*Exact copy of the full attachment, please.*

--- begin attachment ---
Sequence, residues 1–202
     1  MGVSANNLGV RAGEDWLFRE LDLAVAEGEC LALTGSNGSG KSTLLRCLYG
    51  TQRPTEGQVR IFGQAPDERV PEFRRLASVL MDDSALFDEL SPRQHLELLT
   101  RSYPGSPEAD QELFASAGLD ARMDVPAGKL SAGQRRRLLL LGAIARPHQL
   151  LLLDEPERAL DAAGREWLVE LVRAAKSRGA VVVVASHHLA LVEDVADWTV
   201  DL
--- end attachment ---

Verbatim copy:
Sequence, residues 1–202
     1  MGVSANNLGV RAGEDWLFRE LDLAVAEGEC LALTGSNGSG KSTLLRCLYG
    51  TQRPTEGQVR IFGQAPDERV PEFRRLASVL MDDSALFDEL SPRQHLELLT
   101  RSYPGSPEAD QELFASAGLD ARMDVPAGKL SAGQRRRLLL LGAIARPHQL
   151  LLLDEPERAL DAAGREWLVE LVRAAKSRGA VVVVASHHLA LVEDVADWTV
   201  DL